The Talmud says[25] that Hallel is not said on Rosh HaShannah because the joyous song of Hallel is inappropriate for the day that the books of life and death are open in front of HaShem, the Judge of the World. Rabbi Chaim Soloveitchik of Brisk (1853-1918) says[26] that if this is why Hallel should not be said on Rosh HaShannah, then the same logic should also be applied to say the Song of the Day (Shir Shel Yom) should not be said on Rosh HaShannah. Nonetheless, it is clear from the Talmud that the Song of the Day by the Levites in the Holy Temple was indeed sung on Rosh HaShannah; the Talmud says[27] that the reason the Rabbis instituted a two-day Rosh HaShannah in order that the Levites should be able to sing the proper song in the Holy Temple. Furthermore, it is known that the Song of the Day for Rosh HaShannah in the Holy Temple was Psalm 81. Rabbi Chaim Brisker answered that to sing Hallel, one must be in a completely happy state, while to merely recite other songs, one need not be in such an absolutely joyous emotional state. This explains why Hallel is not said on Rosh HaShannah because of the fear from the judgment, while the daily song is still said. A footnote[28] explains from Nachmanides who says[29] who says that the happiness on the festivals is derived by the Talmud[30] from “Because you did not serve HaShem your G-d with happiness and goodness of the heart.[31]” This shows that Hallel on the festivals is an expression of complete elation, an emotion inconsistent with the serious mood of Rosh HaShannah. The source for the Daily Songs in the Temple, on the other hand, are merely scriptural imperatives which call for the Levites to sing while sacrifices are being offered, whether the feeling while singing is a feeling of happiness or not.

Rabbi Yosef Chaim of Baghdad (1832-1909) asks[32] if Hallel is not recited on Purim because the reading of Megillas Esther itself is Hallel, then why is Hallel read on the night of Passover, if the reading of the Haggadah should be considered Hallel. He answers that since Megillas Esther—the book of Esther—is a portion of the written Torah then it could be considered an alternate to Hallel, so Hallel is not said on Purim. However, the Haggadah is not a book in the Written Torah, but rather is a compilation of Midrashic sources concerning Passover, its commandments, and the Exodus, so it cannot be a replacement for Hallel, so Hallel must be recited on the night of Passover. Maimonides ruled[33] that because Megillas Esther is read on Purim, the Rabbis never even instituted to say Hallel on Purim. However, Rabbi Menachem Meiri (1249-1310) understood[34] that Hallel was instituted for Purim, but that the reading of the Megillas Esther supersedes it, so when the reading of Megillas Esther is not feasible, Hallel must be said on Purim. Rabbi Yitzchok Silberstein explains[35] that even according to the Meiri, Hallel is not said on Purim that falls out on Saturday[36]—when Megillas Esther is not read[37]— because even though Megillas Esther is not read, its contents are publicly expounded upon on such a Purim[38]. Therefore, the Aggadic explanations of the story of Purim replace the recitation of Hallel. According to this understanding, why should the Haggadah of Passover not replace Hallel if the Haggadah of Purim could replace the Hallel? Rather, one can answer the question of Rabbi Yosef Chaim of Baghdad according to the principle set by the Brisker Rav. Even though Megillas Esther and even an Haggadah of Purim can replace Hallel that is the Hallel of mere "recitation", but the night of Passover requires a Hallel of "song", so the Haggadah of Passover cannot replace this type of Hallel.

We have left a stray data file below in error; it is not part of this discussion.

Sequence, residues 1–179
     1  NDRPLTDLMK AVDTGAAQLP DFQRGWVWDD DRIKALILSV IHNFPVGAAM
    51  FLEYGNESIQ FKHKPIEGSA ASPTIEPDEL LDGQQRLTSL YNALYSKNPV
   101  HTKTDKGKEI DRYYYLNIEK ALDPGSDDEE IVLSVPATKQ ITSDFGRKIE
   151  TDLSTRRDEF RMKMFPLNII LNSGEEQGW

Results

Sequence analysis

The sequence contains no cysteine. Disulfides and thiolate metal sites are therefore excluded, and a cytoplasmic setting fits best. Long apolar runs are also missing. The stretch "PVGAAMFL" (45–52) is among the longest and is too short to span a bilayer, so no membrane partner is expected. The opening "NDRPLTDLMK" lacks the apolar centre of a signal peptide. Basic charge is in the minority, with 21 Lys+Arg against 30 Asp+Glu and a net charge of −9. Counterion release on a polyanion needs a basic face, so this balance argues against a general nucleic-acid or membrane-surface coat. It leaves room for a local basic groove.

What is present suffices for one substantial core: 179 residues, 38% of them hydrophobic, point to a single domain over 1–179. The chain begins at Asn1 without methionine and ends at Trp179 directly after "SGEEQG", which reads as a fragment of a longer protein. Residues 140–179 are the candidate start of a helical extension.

The Talmud expounds[39] the verse, which says regarding the Jews and their Egyptian pursuers at the Red Sea, "These did not reach close to these the entire night[40]" as an allegorical reference to the angels in heaven. The Talmud says that the entire night of the passage of the Red Sea, the angels requested to sing of G-d's praises for His splitting the Red Sea to save the Jews. However, G-d did not allow them to do so because His own creations—the Egyptians—were drowning in the seas, even while the Jews were being miraculously saved from their otherwise watery graves. The Talmud there points out that the holiday of Chanuka has Hallel recited on each day—even though there are no special sacrifices—in order to publicize the miracle of Chanuka. Rabbi Yosef Caro (1488-1575) writes[41] that this is the reason why the complete Hallel is not recited on the last days of Passover. That is, because the Egyptians died in the Red Sea, the Jews do not sing the complete praises so despite the happiness of such a salvation, it is nonetheless sad that others had to die. However, the Talmud says[42] explicitly that the reason the complete Hallel is not recited on the last days of Passover is that those days do not have specific sacrifices added in the Holy Temple, while every other holiday on which Hallel is recited had its own special sacrificial offerings to be brought. This explanation in the Talmud is seemingly contrary to the understanding of Rabbi Yosef Karo. Rabbi Aharon Kotler (1891-1962) reconciles[43] the words of Rabbi Yosef Caro with the Talmud's explanation. He explains that both reasons, as to why full-Hallel is not recited on the last days of Passover, are required. He explains that there are two reasons why Hallel is ever said: either because of the day itself being a holiday or because of publicizing the miracle. The Talmud's explanation is why the complete Hallel is not said on the last days of Passover because of the former reason, while Rabbi Yosef Caro's understanding explains why it is not said because of the latter reason.